How close are we to  the reality of a Star Trek-type of Universal Communicator?  The U.S. Government is making a serious effort to get us there.   BY HANY FARAG

In the December 2007 issue of Translorial, Paula Dieli, in her article about Machine Translation (MT), concluded that MT is no longer the funny substitution of words in one language for words in another and that MT, according to Google, is based on a data-driven approach. MT also combines linguistic typology, phrase recognition, translation of idioms and isolation of anomalies. However MT does not have to be limited to one form of implementation centered on documents and word files. If it is combined with a system that converts natural speech of one language into text, with the output text fed into MT for translation to another language, and the translated text is then converted back into speech, we will have an automated speech translation system. This is, as I prefer to call it, an Interpreter Machine (IM).   

Automated speech translation, as seen in films like Star Wars, is interesting but fictitious. So why do linguists need to know about the Interpreter Machine? The answer is: because the Defense Advance Research Project Agency (DARPA), a part of the U.S. Defense Department, is working on it quite seriously. DARPA is responsible for the development of new technology for the military and while its focus since its creation in 1958 was on military applications, many R&D by-products have found their way into ordinary life, resulting in significant changes in how we live. It is hard to imagine how the Internet would have been invented without DARPA’s work on networks and hypertext markup language. Historically, most technology breakthroughs that have occurred were first made in R&D for space and defense. In regard to the IM, R&D is moving along quickly and the results are periodically evaluated by the National Institute of Standards and Technology (NIST).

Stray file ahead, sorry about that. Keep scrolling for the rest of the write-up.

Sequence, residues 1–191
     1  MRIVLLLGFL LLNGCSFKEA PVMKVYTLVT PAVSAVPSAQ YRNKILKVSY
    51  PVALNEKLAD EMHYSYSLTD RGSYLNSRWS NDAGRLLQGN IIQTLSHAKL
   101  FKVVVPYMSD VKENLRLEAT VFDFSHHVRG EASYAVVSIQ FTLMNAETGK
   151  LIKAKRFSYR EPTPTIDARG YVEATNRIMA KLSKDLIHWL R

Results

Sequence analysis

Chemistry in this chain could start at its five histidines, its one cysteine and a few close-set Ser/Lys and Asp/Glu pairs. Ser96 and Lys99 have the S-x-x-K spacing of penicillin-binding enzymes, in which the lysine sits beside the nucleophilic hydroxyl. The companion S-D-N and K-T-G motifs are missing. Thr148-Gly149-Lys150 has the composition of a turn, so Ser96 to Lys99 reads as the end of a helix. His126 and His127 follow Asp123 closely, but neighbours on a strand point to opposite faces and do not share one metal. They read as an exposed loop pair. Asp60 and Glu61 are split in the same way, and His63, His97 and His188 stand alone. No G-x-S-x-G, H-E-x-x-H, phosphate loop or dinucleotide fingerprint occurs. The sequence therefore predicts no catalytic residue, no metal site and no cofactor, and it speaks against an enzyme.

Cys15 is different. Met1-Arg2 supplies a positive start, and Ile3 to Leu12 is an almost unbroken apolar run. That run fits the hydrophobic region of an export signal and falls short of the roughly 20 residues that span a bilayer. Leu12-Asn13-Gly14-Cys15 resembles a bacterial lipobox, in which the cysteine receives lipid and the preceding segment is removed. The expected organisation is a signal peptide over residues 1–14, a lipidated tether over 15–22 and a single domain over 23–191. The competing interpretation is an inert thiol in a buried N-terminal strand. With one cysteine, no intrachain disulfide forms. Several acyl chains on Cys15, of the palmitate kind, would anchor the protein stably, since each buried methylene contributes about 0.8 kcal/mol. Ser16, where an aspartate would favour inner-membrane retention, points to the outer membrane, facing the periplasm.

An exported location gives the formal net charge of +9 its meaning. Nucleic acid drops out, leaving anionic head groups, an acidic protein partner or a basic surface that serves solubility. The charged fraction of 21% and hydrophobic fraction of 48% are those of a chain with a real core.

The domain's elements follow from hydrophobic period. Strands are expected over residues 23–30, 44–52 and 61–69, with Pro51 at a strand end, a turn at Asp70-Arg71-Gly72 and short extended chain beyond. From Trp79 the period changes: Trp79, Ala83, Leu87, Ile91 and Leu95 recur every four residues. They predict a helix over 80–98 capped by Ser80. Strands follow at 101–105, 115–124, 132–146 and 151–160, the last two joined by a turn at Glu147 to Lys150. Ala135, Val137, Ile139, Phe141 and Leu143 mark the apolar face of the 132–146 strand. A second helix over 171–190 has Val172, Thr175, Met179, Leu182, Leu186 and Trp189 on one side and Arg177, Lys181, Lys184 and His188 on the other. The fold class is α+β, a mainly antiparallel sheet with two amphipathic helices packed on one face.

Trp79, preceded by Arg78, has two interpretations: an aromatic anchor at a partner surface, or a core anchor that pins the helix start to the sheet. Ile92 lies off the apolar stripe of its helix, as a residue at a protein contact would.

First efforts after 9/11